It's been pretty well established now that multitasking isn't really a thing. Answering emails while studying for your finals just means you're doing both of those things poorly. At best, you're at 50% productivity with each activity. It saves more time in the long run to only answer emails, then when you're done, only study for your finals. I guess you should probably do it in a different order though.
This runs directly counter to my wish to be doing everything at once. I like to think that my pursuits are noble enough; I'm trying to finish Susan Wise Bauer's The History of the Ancient World, while teaching myself Spanish, while learning how to code, while trying to stay fit despite a shoulder injury.
Tension comes most when I have a lot of free time. There is an effectively infinite number of cool things in the world for an aspiring dilettante—a Jack of Some Trades—to try, but since we can only do one thing at a time, it seems imperative that we do the "right thing", which leads to a lot of time wasted on flitting between one project and the next, afraid of committing too much to one thing because there will be (∞-1) things you are neglecting when you do it.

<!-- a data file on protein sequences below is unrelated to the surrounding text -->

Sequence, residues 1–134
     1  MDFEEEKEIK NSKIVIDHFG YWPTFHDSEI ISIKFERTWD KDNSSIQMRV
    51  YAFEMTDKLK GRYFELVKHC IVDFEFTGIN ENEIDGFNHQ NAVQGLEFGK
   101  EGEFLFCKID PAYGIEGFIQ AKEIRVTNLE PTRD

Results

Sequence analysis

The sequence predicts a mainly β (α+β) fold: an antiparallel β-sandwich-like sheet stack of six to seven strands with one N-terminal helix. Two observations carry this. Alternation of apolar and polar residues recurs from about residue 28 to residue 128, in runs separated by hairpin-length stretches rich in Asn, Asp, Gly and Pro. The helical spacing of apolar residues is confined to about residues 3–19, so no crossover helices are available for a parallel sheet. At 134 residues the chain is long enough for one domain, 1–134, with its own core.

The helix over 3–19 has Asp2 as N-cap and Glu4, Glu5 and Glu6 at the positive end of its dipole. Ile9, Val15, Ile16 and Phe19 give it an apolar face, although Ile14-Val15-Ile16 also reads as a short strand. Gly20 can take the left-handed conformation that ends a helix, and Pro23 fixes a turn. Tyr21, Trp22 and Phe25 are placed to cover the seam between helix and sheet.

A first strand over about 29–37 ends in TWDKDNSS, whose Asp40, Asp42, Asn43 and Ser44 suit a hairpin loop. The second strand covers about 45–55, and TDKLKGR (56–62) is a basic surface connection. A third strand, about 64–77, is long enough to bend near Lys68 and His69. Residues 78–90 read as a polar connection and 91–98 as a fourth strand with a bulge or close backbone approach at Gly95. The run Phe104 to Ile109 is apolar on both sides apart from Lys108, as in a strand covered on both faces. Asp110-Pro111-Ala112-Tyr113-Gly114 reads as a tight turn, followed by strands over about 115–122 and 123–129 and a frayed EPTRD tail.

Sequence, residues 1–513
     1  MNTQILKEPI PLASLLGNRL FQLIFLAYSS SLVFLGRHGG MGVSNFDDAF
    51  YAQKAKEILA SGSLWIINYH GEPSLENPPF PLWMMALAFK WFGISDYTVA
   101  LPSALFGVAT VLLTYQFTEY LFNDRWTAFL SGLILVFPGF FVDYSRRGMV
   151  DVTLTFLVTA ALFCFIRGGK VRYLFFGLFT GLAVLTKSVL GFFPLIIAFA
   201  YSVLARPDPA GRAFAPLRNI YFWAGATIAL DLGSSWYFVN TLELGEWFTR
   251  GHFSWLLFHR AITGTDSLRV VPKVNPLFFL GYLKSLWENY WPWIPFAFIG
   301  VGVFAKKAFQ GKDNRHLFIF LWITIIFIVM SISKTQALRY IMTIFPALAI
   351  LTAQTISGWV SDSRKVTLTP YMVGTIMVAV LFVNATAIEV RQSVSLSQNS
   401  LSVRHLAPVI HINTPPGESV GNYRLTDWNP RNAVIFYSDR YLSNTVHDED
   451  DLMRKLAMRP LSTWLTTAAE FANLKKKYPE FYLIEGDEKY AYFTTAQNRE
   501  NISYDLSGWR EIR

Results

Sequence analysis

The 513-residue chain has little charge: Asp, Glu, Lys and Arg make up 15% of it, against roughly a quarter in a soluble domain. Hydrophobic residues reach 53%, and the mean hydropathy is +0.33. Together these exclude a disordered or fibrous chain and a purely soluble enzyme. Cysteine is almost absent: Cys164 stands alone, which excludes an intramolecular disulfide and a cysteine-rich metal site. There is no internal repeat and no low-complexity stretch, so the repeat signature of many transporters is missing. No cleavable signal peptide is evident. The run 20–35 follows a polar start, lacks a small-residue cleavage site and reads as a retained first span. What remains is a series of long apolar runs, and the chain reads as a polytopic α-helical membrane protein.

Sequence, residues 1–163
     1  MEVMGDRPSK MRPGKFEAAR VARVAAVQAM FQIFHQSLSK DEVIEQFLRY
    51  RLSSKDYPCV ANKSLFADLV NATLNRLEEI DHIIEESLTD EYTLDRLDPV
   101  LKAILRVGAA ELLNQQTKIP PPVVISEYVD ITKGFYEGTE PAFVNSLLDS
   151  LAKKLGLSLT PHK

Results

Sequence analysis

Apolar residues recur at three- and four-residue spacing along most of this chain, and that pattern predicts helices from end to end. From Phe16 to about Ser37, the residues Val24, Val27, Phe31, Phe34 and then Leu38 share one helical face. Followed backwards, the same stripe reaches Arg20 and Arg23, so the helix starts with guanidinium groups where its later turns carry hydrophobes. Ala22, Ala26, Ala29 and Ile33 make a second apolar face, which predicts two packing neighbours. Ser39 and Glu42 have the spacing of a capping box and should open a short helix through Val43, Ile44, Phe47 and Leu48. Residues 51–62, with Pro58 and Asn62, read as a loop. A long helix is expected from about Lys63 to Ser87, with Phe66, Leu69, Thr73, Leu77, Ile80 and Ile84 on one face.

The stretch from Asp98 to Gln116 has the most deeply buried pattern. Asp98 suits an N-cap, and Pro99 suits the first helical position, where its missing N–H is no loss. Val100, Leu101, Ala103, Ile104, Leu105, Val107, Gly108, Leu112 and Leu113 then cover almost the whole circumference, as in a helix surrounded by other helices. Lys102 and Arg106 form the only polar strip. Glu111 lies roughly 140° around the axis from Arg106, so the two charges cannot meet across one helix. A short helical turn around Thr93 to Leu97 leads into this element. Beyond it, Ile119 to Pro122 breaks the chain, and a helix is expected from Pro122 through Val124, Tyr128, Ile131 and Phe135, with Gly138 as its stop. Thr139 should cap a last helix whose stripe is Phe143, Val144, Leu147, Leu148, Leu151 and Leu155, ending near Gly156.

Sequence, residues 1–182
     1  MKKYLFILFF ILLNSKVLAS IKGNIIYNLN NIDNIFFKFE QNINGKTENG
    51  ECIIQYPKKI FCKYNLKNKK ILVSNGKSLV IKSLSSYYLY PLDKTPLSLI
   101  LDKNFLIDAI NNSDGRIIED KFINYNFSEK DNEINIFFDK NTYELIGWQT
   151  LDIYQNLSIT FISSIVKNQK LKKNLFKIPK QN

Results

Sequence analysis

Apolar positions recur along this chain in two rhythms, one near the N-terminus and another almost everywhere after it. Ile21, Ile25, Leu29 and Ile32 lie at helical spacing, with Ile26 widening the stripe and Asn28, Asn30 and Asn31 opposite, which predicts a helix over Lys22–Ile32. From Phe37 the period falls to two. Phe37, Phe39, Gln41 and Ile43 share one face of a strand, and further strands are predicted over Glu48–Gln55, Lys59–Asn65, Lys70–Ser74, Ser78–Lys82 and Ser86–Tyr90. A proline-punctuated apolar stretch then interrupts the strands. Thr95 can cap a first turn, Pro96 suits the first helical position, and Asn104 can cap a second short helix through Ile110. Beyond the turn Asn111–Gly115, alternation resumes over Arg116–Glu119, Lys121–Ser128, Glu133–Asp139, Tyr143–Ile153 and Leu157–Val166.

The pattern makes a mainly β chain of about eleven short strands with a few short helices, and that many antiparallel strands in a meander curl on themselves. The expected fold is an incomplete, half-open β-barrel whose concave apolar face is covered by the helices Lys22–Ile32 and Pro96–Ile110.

This is an emotional response, and one I have frequently. I know I am not alone in this. The important thing to do is to recognize that ultimately this desire to do everything is itself a form of inefficiency. If we really want to be productive, we must cultivate the skill of committing fully to the task at hand, and detaching fully from it once we are done with it.
Ultimately, this is the idea behind my Year of 12 Habits. Commit fully to the habit, and if it sticks after a month, great, and if not, there is something else for you to do. I'm happy to report that some of my habits have stuck since January. I'm certainly not 100% on any of them, but by focusing on one thing at a time (on a macro level) I've been able to literally change my life for the better.
All we can really do is adopt that process and refine it. But even if I didn't improve beyond today, I am still a better person than I was five months ago.